As Christians, persons anointed and possessed by the Holy Spirit, we receive special functions like Jesus. We share in his mission delineated in the programmatic passage. We share in this according to the varied charisms bestowed on us by the Spirit through anointing. Each person has received a special gift from God for the edification of others. Our varied gifts from the Holy Spirit manifest the different ways the Spirit operates in the church. ‘There are varieties of gifts, but the same Spirit’ (1 Cor 12:4; see vv. 5–11). With all our gifts we become like a multicoloured mosaic ornamenting the church. Like the speaker in Isaiah 61 and the Christ of the NT, the mission of Christians is primarily altruistic, selfless and unconditional. The Holy Spirit is God’s gift and fundamental in the gifts of the Spirit is love; God’s love has been poured into our hearts through the Holy Spirit, who has been given to us (Rm 5:5).

Through our anointing, we become a temple of the Holy Spirit (1 Cor 3:16; 6:19), who dwells in us as in a house. This entails ethical responsibility in conformity with our life as Christians based on the Good News of Jesus, for we ought to live as a true dwelling place of the Holy Spirit. As teacher and comforter, the Spirit guides the believers in their journey of faith.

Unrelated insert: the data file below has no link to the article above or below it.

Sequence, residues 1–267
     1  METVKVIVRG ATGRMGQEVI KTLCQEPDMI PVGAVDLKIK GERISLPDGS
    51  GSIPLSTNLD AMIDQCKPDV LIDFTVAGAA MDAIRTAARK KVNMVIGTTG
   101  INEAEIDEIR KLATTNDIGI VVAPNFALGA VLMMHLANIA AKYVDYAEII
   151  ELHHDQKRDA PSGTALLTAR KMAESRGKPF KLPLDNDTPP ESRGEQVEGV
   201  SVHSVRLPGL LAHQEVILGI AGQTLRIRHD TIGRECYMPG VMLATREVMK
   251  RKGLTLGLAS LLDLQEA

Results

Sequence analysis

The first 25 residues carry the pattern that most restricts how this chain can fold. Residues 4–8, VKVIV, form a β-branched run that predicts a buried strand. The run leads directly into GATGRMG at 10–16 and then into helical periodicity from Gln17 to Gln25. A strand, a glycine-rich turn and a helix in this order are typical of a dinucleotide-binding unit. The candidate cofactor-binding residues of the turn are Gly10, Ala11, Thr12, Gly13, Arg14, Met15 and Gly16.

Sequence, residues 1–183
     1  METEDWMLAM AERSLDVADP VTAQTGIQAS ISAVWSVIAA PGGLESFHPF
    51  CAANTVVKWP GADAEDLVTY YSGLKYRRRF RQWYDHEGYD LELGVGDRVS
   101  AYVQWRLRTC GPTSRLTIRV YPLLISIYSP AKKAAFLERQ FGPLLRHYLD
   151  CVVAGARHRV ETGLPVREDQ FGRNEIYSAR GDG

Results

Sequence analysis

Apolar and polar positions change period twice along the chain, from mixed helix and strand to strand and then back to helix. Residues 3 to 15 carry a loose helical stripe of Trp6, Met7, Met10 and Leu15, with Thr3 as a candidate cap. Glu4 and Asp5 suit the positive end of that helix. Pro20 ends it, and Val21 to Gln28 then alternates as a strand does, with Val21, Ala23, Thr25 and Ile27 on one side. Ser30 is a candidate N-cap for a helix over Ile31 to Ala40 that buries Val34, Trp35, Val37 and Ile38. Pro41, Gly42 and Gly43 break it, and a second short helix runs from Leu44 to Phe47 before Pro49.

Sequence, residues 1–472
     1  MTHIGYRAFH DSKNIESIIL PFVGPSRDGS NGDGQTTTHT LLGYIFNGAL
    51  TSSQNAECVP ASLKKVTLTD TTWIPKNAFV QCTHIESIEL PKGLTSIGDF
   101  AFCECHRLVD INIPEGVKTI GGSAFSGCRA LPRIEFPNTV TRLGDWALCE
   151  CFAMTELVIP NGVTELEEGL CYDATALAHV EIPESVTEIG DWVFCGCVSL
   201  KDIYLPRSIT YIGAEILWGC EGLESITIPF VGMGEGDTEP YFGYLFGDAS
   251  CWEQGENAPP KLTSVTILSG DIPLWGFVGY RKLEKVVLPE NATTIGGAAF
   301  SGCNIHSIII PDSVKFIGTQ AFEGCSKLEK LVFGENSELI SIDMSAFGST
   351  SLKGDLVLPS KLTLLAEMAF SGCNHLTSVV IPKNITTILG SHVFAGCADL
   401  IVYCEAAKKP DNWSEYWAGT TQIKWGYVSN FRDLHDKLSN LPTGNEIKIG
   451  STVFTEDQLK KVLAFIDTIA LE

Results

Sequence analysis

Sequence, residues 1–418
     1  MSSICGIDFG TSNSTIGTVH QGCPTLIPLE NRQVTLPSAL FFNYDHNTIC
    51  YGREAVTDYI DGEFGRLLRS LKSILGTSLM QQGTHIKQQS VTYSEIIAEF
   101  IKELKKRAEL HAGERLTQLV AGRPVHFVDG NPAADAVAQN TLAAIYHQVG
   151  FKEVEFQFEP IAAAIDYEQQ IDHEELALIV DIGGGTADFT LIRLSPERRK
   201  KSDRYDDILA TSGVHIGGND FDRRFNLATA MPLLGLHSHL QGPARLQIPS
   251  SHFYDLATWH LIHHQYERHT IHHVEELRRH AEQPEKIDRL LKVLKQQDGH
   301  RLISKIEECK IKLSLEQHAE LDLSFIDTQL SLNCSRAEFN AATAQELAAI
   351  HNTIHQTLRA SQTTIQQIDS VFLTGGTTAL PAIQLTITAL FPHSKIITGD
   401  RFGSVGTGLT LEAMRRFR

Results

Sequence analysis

The ineffable mystery of God and about God is revealed by God himself and at the time and manner he so desires. Concealed in the multivalent meaning of the Hebrew word a is the mystery of God. In his wisdom, God unveiled this through the tangible but highly elusive effect of his presence. From the perceptible effect of the presence of this divine vitality, human beings were gradually prepared for its revelation in the fullness of time.

Part of the process of this revelation was the divinely endowed aptitude of the NT writers, who perceived in the event of Jesus the fulfilment of the dimly revealed features of the salvation history recorded in the OT. The writers of the NT cited parts of the OT explicitly or implicitly in order to demonstrate their fulfilment in Jesus.